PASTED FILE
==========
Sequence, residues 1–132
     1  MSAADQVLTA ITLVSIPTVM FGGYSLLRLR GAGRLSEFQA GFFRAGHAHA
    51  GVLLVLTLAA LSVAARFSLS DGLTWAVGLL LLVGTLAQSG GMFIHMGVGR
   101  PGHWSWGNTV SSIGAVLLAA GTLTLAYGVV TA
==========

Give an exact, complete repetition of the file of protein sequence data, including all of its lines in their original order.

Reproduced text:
Sequence, residues 1–132
     1  MSAADQVLTA ITLVSIPTVM FGGYSLLRLR GAGRLSEFQA GFFRAGHAHA
    51  GVLLVLTLAA LSVAARFSLS DGLTWAVGLL LLVGTLAQSG GMFIHMGVGR
   101  PGHWSWGNTV SSIGAVLLAA GTLTLAYGVV TA